In Yoshida county, Eiheiji is a town in the northern region of Fukui prefecture that spreads out to the south of the Kuzuryū River. The Kuzuryū is a primary headwater river that is the border between Fukui and Gifu prefectures and the catchment area, including tributaries of the river, makes up 70 percent of the entire land area of Fukui. Kuzuryū River was called “Kokuryu” long ago and is also known as the “Kuzuregawa”, meaning “a river that breaks down its basin” due to its tendency to flood. The river also gave its old name to the Kokuryu brewery.


Around the time of the founding of the Matsuoka clan in 1650, the Sabae Ishida village Ishidaya family allegedly began brewing in this land and it was the branching off from the main family by Nizaemon Ishidaya, who founded his business in 1804, that was the beginning of the present day Kokuryu brewery. The current company president, Naoto Mizuno is the eighth owner. From the era of the founders to the present day the brewery has conformed to the times, continuing under the principle of “making a fine sake”. To the family, the word “principle” means, “the correct road meant to be taken as a human being” and pairing this with a pioneering spirit, the current owner’s sixth-generation grandfather made ginjo sake (below 60 percent polishing ratio) beginning in the latter half of the 1960s. Naoto’s father started making the even lower polishing ratio daiginjo (below 50 percent) sake earlier than most kura around the country. Ginjo brewing is essentially a technique that uses low-temperature fermentation of sake brewed from polished rice. It would be later on when the polishing ratio was used to define class through the weight ratio of polished rice.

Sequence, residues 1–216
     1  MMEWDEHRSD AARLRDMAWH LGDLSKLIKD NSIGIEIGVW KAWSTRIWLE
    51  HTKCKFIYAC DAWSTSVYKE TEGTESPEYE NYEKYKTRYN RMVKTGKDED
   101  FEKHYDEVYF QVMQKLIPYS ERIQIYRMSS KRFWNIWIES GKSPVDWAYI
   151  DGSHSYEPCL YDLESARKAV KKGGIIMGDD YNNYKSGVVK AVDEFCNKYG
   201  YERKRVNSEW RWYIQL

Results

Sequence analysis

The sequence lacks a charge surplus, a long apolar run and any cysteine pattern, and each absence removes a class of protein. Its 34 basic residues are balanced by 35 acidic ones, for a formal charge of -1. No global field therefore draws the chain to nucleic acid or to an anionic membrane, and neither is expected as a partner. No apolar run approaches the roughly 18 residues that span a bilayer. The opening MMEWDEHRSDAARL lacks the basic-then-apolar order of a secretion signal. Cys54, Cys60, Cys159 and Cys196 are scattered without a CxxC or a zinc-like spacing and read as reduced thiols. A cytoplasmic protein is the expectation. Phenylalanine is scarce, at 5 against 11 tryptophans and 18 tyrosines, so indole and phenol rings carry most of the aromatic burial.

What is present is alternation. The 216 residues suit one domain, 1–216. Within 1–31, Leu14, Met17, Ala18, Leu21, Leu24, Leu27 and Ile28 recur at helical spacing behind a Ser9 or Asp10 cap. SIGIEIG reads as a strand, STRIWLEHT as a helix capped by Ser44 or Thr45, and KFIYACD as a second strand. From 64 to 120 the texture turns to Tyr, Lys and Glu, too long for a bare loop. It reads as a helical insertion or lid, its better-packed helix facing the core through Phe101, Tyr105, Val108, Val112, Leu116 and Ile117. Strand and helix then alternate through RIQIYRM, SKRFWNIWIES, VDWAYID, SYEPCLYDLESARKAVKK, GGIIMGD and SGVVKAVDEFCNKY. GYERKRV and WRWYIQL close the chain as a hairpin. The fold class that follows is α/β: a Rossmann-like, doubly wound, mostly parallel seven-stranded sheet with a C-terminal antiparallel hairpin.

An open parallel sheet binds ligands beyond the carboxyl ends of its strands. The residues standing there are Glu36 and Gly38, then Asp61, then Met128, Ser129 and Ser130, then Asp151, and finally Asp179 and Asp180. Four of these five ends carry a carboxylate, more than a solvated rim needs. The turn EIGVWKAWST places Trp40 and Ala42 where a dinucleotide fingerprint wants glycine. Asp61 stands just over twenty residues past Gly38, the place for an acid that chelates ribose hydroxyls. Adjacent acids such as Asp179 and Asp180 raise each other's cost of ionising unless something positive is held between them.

Compared to the character of Niigata’s Tanrei dry and Fushimi’s mellow taste, what is the defining characteristic of Fukui? According to Naoto, his ideal sake is “beautifully refined sake that you never get tired of drinking, and that matches well with a variety of cuisines.” It is an image of not only a sharp tasting sake but a mellowness of the alcohol that makes a refined combination with food. Japanese food culture is known for its characteristic delicate tastes from its ingredients and seasonal garnishing, employing light tastes such as kelp and Bonito sauce. The sake that balances well with that kind of cuisine is the “Tan-aji: ephemeral light tasting” sake. Fukui prefecture is widely known for its “Echizen-gani”, a type of crab that differs from rock-crab and lobster with a sweetness that captivates food connoisseurs. When it came down to finding a sake that matches with the crab’s sweetness, and with white fish, Naoto was not satisfied with the Tanrei sake.